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Deepcool Gamer Storm Assassin II Review

Designed to conquer Deepcool’s biggest competitors, does its Gamer Storm Assassin II really deliver top-level cooling and noise levels?

Our Verdict

Somewhat expensive at $80, Deepcooler’s Gamer Storm Assassin II performs well enough to overcome its greatest rival in overall value.

For

  • Thermal performance
  • Low noise
  • Side clearance
  • Price

Against

  • Weight

Deepcool Gamer Storm Assassin II

It’s not every day that Deepcool releases a new top-model air cooler. In fact, it was three years ago when we tested its first Gamer Storm Assassin. Yet the first thing we did when the company sent its new Assassin II was shelf it. We’d already reviewed its most recent closed-loop cooler, and a big stack of Z170 stuff was tagged “urgent.” Perhaps some of that stuff could have waited.

Designed to blow past the weak thermal requirements of Skylake, the Assassin II appears ready to hang with the big boys on overclocked Haswell-E Core i7s. Fifty ounces of copper is serious business for serious enthusiasts, and even though it fits smaller sockets, we just can’t bring ourselves to put such a heavy part on any lightweight board.

The Assassin II fits nearly every socket an enthusiast would choose, other than AM1 which usually doesn’t need fans to stay cool with a unit this large. Custom standoffs fit it to the LGA 2011 (including v3) mounting bracket, a universal support plate feeds mounting studs through the back of other Intel Square ILM and AMD rectangular mounting patterns, and a crossbar holds the cooler in place over those studs and brackets. AMD folks must first remove the clip-on cooler bracket to reveal the four mounting holes of their boards, of course, and that crossbar needs to be installed on top of the cooler base, which means it can only be reached by removing the cooler’s center fan.

Deepcool polishes the base of its Assassin II for optimal contact, then nickel plates the copper to prevent oxidation. A reflection of the box logo shows just how smooth the base really is.

We’re installing the 120mm front fan and 140mm center fan that came inside the box and treating the center fan as primary, since the front fan can be removed to reduce mounting space. We’re excluding the spare fans Deepcool included, since they’re not part of the standard package. The 4-fan hub is part of the standard package, but using it prevents us from getting separate tach readings from the two fans.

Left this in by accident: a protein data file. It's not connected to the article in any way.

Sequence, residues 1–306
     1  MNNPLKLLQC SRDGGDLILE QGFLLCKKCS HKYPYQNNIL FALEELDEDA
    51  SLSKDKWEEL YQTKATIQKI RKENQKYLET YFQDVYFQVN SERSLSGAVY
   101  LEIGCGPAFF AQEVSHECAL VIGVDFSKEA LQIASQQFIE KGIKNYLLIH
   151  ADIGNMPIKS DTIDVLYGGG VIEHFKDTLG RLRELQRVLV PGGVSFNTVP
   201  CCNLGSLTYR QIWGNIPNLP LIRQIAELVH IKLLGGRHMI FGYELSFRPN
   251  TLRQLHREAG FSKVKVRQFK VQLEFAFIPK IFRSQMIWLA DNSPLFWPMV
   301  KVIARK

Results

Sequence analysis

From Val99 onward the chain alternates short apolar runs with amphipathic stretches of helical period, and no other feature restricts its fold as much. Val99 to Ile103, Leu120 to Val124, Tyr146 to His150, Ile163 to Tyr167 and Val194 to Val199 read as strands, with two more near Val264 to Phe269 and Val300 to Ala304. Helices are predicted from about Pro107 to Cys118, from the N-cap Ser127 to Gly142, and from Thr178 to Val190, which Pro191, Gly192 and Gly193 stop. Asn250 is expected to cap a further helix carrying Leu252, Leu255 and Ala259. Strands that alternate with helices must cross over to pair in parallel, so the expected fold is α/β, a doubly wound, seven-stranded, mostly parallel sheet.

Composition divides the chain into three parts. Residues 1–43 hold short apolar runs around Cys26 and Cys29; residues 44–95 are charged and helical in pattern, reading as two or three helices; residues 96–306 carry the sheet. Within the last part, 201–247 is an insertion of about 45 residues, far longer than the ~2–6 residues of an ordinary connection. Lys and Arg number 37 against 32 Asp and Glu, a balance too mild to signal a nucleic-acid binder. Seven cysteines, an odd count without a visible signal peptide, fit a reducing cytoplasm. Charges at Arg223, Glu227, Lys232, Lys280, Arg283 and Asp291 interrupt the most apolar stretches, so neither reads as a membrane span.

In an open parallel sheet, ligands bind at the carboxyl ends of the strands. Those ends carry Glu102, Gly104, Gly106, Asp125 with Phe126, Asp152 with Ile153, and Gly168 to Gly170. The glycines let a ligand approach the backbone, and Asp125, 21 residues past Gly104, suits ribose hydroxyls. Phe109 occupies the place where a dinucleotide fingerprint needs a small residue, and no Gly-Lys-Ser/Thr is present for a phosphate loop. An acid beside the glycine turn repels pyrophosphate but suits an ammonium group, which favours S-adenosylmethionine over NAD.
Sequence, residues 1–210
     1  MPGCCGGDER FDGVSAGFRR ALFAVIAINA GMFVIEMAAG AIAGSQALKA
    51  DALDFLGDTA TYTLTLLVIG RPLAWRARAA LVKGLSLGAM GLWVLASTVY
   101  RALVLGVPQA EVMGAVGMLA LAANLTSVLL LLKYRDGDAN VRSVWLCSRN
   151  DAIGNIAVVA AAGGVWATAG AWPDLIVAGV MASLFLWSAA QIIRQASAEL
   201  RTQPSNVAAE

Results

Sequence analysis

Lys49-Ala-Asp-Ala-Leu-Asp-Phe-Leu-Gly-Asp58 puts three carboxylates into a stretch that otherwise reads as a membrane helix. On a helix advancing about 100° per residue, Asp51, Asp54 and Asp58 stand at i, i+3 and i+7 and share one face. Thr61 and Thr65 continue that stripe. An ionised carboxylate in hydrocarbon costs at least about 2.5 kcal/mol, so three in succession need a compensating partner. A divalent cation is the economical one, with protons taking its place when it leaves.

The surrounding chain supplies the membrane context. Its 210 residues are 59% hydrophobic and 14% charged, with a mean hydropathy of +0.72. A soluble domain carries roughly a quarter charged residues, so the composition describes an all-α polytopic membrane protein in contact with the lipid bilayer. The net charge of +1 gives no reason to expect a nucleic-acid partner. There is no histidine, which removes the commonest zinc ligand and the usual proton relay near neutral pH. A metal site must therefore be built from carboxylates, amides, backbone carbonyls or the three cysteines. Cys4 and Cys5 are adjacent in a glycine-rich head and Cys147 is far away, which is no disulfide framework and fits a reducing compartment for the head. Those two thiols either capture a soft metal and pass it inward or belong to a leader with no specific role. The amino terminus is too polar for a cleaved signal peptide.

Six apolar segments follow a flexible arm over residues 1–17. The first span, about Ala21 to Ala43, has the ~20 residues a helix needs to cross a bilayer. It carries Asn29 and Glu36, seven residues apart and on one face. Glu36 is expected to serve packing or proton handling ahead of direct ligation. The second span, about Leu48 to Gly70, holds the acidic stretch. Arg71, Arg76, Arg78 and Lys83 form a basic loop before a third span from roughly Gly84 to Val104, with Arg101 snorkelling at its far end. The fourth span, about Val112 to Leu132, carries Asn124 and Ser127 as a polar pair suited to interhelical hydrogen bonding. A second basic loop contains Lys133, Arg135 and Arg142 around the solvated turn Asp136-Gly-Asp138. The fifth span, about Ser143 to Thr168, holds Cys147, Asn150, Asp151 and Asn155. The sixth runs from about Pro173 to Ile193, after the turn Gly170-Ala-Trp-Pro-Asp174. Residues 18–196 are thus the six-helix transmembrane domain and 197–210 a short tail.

And, just in case you’re worried about whether or not it fits your case, here are the Assassin II’s dimensions.

Specifications

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  • Skhmt
    Designed to "concur"? Did you mean "conquer"?
    Reply
  • firefoxx04
    More heat-pipes than the Noctua and it still gets beat in cooling performance? The Noctua is a touch louder but thats no big deal. The D15 I have is plenty quiet.

    Why only 3 coolers to compare? Surely the Phanteks dual tower (with 140mm fans) would have been a great competitor here considering the price point is closer to the Deepcool cooler than the Noctua is.
    Reply
  • Dark Lord of Tech
    I have the original version on my 4790k build , they are incredible coolers , super sturdy fans.
    Reply
  • InvalidError
    16880966 said:
    More heat-pipes than the Noctua and it still gets beat in cooling performance?
    Its RPM is 270 lower, that probably explains most of the handicap.

    It might be interesting to compare these while using the same fans on both, to see how much the heatsink's structure affects performance. Even better would be a constant air flow rate test to take fans completely out of the equation.
    Reply
  • Dark Lord of Tech
    Original has the sturdiest fans I've come across.
    Reply
  • DouglasThurman
    The 3 pound thing doesn't matter when you mount the motherboard horizontally. This thing fits fine in my Sentey ss6-240 case. I can overclock the AMD Athlon 2 x4 860k to 4.2GHz without hiccups.
    Reply
  • Amdlova
    nops i don`t find this cooler sexy. prefer the d-14 or d-15
    Reply
  • Dark Lord of Tech
    Best in it's class Cryorig R1.
    Reply
  • InvalidError
    16881663 said:
    The 3 pound thing doesn't matter when you mount the motherboard horizontally.
    How many people still buy full-height horizontal desktop cases deep enough to fit a 212 these days? Nearly everyone uses towers and most popular "pizza box" type systems use either half-height expansion slots or angle risers to keep height down.
    Reply
  • Crashman
    16880703 said:
    Designed to "concur"? Did you mean "conquer"?
    Perhaps I left out "with" and meant to say it was agreeable to competing products?
    -Fixed, thanks :D
    16880966 said:
    More heat-pipes than the Noctua and it still gets beat in cooling performance? The Noctua is a touch louder but thats no big deal. The D15 I have is plenty quiet.

    Why only 3 coolers to compare? Surely the Phanteks dual tower (with 140mm fans) would have been a great competitor here considering the price point is closer to the Deepcool cooler than the Noctua is.
    Because the D14 and its Phanteks doppelganger were reviewed on the previous platform.
    http://www.tomshardware.com/reviews/LGA-2011-i7-3960X-Air-Overclocking,3130-11.html
    16881998 said:
    Best in it's class Cryorig R1.
    You should contact News Man Niels and see if his friends at Cryorig would like to send one. Or maybe I should.
    16882000 said:
    16881663 said:
    The 3 pound thing doesn't matter when you mount the motherboard horizontally.
    How many people still buy full-height horizontal desktop cases deep enough to fit a 212 these days? Nearly everyone uses towers and most popular "pizza box" type systems use either half-height expansion slots or angle risers to keep height down.
    You're both mostly right :)
    Reply